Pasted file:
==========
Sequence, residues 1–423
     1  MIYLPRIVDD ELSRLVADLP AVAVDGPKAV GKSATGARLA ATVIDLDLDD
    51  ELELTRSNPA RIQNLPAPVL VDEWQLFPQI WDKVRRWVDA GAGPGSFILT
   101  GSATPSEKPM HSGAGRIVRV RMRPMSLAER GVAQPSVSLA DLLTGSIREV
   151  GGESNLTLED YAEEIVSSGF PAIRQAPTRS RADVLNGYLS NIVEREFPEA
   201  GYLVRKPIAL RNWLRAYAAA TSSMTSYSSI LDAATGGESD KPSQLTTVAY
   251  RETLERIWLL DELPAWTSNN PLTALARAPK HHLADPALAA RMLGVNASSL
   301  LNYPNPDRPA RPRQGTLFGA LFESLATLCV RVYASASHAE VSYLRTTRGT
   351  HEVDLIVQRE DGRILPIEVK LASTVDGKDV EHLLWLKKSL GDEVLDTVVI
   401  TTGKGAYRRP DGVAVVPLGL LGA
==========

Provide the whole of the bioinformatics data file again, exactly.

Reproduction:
Sequence, residues 1–423
     1  MIYLPRIVDD ELSRLVADLP AVAVDGPKAV GKSATGARLA ATVIDLDLDD
    51  ELELTRSNPA RIQNLPAPVL VDEWQLFPQI WDKVRRWVDA GAGPGSFILT
   101  GSATPSEKPM HSGAGRIVRV RMRPMSLAER GVAQPSVSLA DLLTGSIREV
   151  GGESNLTLED YAEEIVSSGF PAIRQAPTRS RADVLNGYLS NIVEREFPEA
   201  GYLVRKPIAL RNWLRAYAAA TSSMTSYSSI LDAATGGESD KPSQLTTVAY
   251  RETLERIWLL DELPAWTSNN PLTALARAPK HHLADPALAA RMLGVNASSL
   301  LNYPNPDRPA RPRQGTLFGA LFESLATLCV RVYASASHAE VSYLRTTRGT
   351  HEVDLIVQRE DGRILPIEVK LASTVDGKDV EHLLWLKKSL GDEVLDTVVI
   401  TTGKGAYRRP DGVAVVPLGL LGA